In their lifetimes many people have imagined inventions that will remove the salt from seawater and make it potable, or ones that feature a self-powered electrical energy device.
Idle far-fetched fancies? Not if you happen to be a Stanford associate professor of materials and engineering named Yi Cui, known worldwide for his innovative work with nanotechnology.
Now Cui and his team of researchers have calculated a way to alternate the flow of river water and salty seawater through a battery to produce electricity that can be used for charging purposes. It might also be possible this same process can be reversed to remove salt from seawater to produce drinking water.
Cui’s research team calculated that if all the world’s rivers were put to use for this purpose, the batteries that would be used – referred to by some as mixing entropy batteries – could supply about 2 terawatts of electricity annually, almost 13 percent of the world’s current energy consumption.
A power plant operating with 50 cubic meters of freshwater per second could produce up to 100 megawatts of power, according to the team’s calculations. That would be enough to provide electricity for about 100,000 households, says Cui in a paper titled, “Batteries for Efficient Energy Extraction from a Water Salinity Difference.”
This example has been presented for a location: the mouth of the Amazon River, where the world’s largest drainage basin flows into the Atlantic Ocean. A location such as this, where fresh and sea water mix, is a good spot for generating electricity with Yi Cui’s new battery.
Writing about this news, Louis Bergeron adds this perspective: “By using nanotechnology, the battery employs the difference in salinity between fresh and saltwater to generate a current. A power station might be built wherever a river flows into the ocean.”
The battery that Cui’s team has developed relies on the difference in salinity between freshwater and seawater in order to produce electricity. “Anywhere freshwater enters the sea, such as river mouths or estuaries, could be potential sites for a power plant using such a battery.” says Cui, speculating on the possibilities.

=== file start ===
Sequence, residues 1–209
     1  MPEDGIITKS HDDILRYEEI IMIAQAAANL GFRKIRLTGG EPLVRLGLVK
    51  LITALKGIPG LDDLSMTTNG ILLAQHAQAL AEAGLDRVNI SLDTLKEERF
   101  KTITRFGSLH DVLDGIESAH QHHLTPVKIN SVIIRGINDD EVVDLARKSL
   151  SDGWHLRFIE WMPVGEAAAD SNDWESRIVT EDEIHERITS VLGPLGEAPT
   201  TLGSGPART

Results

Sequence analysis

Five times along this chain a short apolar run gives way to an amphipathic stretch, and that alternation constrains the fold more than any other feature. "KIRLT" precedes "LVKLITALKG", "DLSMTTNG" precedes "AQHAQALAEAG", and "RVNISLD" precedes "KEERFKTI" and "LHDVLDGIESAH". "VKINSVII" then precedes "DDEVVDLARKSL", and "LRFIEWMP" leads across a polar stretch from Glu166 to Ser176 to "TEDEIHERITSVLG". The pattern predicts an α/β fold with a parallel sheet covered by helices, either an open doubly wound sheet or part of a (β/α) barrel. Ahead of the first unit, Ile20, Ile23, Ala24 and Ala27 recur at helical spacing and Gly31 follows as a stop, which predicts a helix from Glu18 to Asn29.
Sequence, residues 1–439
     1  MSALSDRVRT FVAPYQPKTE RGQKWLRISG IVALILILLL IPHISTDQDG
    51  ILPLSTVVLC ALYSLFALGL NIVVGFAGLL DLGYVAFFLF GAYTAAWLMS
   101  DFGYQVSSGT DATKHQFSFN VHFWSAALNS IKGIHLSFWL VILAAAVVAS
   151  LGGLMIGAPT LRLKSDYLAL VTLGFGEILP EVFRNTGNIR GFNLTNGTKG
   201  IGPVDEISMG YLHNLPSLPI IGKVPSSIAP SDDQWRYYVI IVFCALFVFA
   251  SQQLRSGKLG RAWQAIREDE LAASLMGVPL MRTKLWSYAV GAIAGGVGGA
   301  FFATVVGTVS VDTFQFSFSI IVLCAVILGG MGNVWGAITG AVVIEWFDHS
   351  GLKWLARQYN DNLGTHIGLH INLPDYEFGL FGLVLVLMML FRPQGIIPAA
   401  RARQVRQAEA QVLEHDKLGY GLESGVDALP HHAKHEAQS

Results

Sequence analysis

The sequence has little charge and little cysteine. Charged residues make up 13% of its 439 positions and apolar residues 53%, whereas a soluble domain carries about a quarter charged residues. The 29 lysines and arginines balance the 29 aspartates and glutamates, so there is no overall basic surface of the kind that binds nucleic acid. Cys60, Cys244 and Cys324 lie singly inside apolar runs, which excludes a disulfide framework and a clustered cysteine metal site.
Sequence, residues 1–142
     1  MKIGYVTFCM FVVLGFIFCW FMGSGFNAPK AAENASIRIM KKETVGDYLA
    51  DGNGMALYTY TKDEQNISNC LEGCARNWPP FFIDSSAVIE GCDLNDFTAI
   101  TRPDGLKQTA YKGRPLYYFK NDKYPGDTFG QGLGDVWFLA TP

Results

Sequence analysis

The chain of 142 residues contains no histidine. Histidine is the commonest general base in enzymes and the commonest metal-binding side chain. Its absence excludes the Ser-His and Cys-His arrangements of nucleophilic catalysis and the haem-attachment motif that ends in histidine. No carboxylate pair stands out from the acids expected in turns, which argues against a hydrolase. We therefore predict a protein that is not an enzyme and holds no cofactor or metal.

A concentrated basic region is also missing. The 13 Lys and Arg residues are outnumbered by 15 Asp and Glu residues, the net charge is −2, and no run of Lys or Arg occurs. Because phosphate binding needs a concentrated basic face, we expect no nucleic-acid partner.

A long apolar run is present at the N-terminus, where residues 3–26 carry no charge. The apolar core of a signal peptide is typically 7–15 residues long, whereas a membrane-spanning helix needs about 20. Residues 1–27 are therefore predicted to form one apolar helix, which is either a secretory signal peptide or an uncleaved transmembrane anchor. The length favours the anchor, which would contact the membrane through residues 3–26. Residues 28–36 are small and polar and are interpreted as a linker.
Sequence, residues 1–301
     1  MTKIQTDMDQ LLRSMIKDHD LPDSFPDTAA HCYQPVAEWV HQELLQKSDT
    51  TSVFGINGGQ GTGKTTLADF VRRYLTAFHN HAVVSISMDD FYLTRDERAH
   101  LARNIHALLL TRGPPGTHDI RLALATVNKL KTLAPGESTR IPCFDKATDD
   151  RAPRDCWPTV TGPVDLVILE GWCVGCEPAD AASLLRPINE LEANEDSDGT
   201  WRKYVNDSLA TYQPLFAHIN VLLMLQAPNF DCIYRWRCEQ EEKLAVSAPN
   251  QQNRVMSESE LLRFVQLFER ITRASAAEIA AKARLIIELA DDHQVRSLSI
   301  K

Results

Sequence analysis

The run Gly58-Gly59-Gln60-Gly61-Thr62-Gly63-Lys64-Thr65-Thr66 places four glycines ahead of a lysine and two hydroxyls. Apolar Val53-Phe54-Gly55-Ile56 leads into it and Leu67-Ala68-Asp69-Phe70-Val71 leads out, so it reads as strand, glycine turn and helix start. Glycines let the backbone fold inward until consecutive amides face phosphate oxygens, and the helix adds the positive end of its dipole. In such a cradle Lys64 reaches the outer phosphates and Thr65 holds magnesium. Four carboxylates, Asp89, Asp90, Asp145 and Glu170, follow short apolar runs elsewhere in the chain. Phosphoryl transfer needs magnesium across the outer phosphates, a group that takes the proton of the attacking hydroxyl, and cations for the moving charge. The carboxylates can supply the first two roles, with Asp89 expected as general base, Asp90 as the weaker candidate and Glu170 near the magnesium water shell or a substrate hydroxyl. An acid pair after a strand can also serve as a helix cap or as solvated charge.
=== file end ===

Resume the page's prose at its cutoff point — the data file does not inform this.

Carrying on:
Bergeron adds: “A power plant operating with 50 cubic meters of freshwater per second could produce up to 100 megawatts of power, according to the team’s calculations. That would be enough to provide electricity for about 100,000 households.”
In the press announcement, Cui said the theoretical limiting factor is the amount of freshwater available. Seawater is abundant, fresh water isn’t.
The battery is simple, made with positive and negative electrodes that are immersed in a liquid containing electrically charged ions. In water, the ions are sodium and chlorine – the basics in ordinary table salt.
When the battery is filled with freshwater, a small electric current is applied to charge it. The freshwater is then drained and replaced with seawater. Because seawater is salty, containing 60 to 100 times more ions than fresh water, it increases the voltage, between the two electrodes, makes it possible to harvest more electricity than the amount that was used to charge the battery.
Once the discharge is complete, the seawater is drained and replaced with freshwater. Most important, from the standpoint of sustainability, the cycle can begin again. “The key thing here is that you need to exchange the electrolyte, the liquid in the battery,” says Cui.
Of note, Cui believes river water isn’t the only fresh water source available. Storm runoff water and grey water can also be used. This sounds like another good fit for the purposes of sustainability.
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